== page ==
I remember exactly where I was when I heard the Denver Broncos had signed Peyton Manning. I remember for two reasons. First, because of the significance of the signing in Denver sports history. Secondly, because of the unique circumstances that led to me hearing the news.
When Peyton Manning was released by the Indianapolis Colts in March of 2012, he became the greatest free agent in NFL history. At that time, Manning was a four time NFL MVP, a two time AFC Champion, a Super Bowl Champion, and well on his way to holding every major record the NFL had to offer. Players like him were never supposed to hit the open market.
It took extreme circumstances, a neck injury that cost him his 2011 season and much of the strength in his right arm, to make him available. Had Manning decided to retire after Colts owner Jim Irsay cut him in favor of shiny new rookie Andrew Luck, he would have walked into the Hall of Fame.
Instead, Manning decided to try and come back. He decided to try and go out on his terms. He toured the quarterback needy teams in the NFL, taking calls from the San Francisco 49ers, the Arizona Cardinals, the Miami Dolphins, the Tennessee Titans, and the Denver Broncos.
San Francisco rushed him. They poked and prodded at Manning, then demanded a quick decision.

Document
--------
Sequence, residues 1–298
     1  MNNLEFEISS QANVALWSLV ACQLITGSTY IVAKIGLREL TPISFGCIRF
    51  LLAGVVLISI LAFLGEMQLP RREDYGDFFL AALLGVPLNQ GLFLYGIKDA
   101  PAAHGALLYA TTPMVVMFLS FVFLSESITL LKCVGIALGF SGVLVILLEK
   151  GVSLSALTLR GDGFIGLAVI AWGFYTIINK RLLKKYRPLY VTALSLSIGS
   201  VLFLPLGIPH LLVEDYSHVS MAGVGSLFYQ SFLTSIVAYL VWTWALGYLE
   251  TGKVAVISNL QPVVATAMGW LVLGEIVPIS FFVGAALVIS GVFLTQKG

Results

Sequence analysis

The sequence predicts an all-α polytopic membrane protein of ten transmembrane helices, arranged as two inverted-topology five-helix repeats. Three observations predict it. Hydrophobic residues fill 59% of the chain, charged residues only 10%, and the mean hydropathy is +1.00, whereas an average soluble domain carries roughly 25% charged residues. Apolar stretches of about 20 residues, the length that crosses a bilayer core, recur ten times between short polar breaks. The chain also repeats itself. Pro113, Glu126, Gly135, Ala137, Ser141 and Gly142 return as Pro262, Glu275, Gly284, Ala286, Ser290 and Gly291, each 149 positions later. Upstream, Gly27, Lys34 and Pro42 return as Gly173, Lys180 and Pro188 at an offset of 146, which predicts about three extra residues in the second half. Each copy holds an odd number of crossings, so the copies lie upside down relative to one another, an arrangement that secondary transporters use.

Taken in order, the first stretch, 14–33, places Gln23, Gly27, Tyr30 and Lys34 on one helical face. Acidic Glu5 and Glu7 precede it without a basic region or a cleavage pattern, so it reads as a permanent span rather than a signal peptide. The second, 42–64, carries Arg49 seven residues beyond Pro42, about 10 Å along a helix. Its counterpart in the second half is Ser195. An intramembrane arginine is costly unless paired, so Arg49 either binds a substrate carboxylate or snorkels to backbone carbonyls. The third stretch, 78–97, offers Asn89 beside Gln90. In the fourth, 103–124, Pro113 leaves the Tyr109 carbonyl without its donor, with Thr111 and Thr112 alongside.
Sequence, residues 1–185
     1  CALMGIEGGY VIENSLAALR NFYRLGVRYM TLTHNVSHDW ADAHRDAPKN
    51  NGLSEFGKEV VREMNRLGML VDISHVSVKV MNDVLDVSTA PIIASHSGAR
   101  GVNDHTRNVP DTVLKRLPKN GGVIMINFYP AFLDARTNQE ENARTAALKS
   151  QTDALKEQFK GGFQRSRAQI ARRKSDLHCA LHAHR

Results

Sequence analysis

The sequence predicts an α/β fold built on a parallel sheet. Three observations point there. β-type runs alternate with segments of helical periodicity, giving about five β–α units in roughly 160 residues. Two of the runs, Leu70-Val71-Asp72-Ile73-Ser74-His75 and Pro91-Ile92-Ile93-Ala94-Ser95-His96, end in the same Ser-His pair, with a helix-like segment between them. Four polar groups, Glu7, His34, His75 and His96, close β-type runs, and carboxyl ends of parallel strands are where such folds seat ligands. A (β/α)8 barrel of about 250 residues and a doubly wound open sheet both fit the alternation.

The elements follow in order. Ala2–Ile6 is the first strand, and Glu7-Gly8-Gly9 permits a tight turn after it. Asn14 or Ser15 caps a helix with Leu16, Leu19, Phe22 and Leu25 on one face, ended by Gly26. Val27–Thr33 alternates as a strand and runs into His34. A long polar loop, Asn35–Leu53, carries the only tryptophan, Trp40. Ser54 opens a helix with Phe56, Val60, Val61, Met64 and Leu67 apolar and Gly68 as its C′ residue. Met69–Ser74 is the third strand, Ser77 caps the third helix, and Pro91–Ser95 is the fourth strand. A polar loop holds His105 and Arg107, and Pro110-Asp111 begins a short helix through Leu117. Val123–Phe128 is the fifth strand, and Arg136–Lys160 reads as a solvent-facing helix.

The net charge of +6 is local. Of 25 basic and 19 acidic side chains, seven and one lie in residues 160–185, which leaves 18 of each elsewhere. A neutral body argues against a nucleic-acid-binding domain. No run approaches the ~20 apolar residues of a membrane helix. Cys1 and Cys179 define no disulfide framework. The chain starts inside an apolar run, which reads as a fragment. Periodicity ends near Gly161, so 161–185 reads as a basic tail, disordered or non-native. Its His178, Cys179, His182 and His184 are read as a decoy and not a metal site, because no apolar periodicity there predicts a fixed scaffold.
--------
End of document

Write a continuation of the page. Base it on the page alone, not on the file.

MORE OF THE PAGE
Arizona’s head coach Ken Wisenhunt wasn’t sold about Peyton’s health, and Manning wasn’t thrilled about playing in the same conference as his brother.
Tennessee wanted him badly. Owner Bud Adams said he was willing to do, “Whatever it took.” However, Peyton wasn’t nearly as excited about the idea. Tennessee was one of the least talented rosters in football.
Then, Manning went to Denver. Reporters and talk radio hosts tracked tail numbers as he flew into Centennial airport with Broncos CEO Joe Ellis and GM John Elway. Elway introduced Manning to then Broncos head coach John Fox and did exactly what the San Francisco 49ers failed to do. Elway made Manning feel comfortable.
Elway told him he understood the gravity of the situation and the difficult decision Peyton faced. He told him to take his time. He did. He chose Denver.
It was March 21, 2012. I worked in politics back then and was sitting on the floor of the Colorado State Senate waiting on the state’s highest legislative body to take a final vote on a bill about home loan assistance for veterans.
Suddenly, a coworker ran out on the floor holding a sheet of paper and asked me to hand it to my boss, Senate President Brandon Shaffer. Shaffer, a Denver native and enormous Broncos fan, had gotten me the job working as an intern in his senate office. I had known him for eight years. I had never once seen him show as much as excitement at any piece of news.